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Roots of the Peruvian hostage crisis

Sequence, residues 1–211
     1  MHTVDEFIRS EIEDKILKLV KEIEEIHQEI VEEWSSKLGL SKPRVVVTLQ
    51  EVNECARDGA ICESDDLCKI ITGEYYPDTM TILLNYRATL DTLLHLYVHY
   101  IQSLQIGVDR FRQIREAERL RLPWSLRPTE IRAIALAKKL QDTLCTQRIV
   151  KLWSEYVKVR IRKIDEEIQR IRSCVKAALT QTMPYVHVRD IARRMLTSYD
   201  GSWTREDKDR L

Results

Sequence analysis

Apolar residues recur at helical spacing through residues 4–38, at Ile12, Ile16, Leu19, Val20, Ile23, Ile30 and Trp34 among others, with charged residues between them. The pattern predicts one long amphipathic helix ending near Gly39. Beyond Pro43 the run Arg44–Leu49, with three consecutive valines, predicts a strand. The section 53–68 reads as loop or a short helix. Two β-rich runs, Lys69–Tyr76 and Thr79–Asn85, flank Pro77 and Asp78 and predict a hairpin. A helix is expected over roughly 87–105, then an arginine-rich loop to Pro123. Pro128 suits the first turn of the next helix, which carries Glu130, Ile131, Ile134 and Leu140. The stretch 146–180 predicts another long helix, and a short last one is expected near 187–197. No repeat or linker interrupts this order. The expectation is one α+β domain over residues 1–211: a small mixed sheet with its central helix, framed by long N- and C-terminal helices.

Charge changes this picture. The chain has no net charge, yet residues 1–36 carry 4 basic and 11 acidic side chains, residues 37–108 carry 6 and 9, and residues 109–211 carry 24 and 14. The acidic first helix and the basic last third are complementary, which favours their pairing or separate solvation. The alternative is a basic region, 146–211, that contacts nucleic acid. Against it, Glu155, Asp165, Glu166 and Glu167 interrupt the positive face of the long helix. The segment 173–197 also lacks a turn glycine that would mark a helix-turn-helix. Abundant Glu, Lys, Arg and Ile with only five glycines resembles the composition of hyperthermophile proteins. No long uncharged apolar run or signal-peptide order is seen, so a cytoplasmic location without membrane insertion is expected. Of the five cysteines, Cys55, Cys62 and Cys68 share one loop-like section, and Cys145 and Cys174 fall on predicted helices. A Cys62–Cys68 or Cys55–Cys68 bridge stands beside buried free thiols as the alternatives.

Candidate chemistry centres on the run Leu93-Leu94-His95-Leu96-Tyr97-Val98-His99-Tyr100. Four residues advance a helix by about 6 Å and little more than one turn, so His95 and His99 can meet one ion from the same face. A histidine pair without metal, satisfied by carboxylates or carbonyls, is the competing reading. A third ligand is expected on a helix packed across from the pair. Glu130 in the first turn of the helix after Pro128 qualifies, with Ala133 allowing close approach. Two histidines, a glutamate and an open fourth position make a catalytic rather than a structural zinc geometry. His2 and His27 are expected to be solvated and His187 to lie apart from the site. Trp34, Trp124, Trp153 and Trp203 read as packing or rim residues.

The unfolding hostage drama in Peru is only one symptom of a disorder now spreading through large portions of Latin America. From Mexico to Colombia to Peru insurgencies are gaining strength. Behind this instability is a widening gap between rich and poor – particularly between Native Americans and the descendants of European and Asian immigrants.;;In the developing world as a whole, the poorest 20 percent of the population receives 7 percent of total income. In Latin America, the poorest 20 percent gets only 3 percent of total income, according to the United Nations Development Program.;;Poverty in Latin America is strongly linked to ethnicity, particularly to Native Americans. Latin American countries were formed by conquests of the native peoples; where native peoples were more numerous and less easily overwhelmed, the eventual outcome was a highly stratified and polarized society.;;Thus, it is no coincidence that new or revived insurgencies arise in Mexico and Peru, the homelands of the Aztecs, the Mayas and the Incas, nor that much of Colombia is in the hands of rebel groups.;;In part, the widening gaps can be attributed to the political and economic reforms in the region. These modernizing measures are working well in Chile and even in Argentina, precisely because these are countries with fairly homogenous, Euro-American populations.;;But they are failing miserably in densely populated rural Peru, southern Mexico and Colombia, because they undermine traditional means of subsistence, without offering alternatives in modernizing sectors of the economy. Native farmers losing their livelihood either to cheap foreign imports or to increased competition for exports now grow coca and are happy to accept the protection of guerrilla organizations.;;Like many other Latin American armies, the Peruvian military is in fact a militarized domestic police force. Its mission is to maintain domestic order in a country whose native majority continues to be subjected to poverty, racial and cultural discrimination and official violence.

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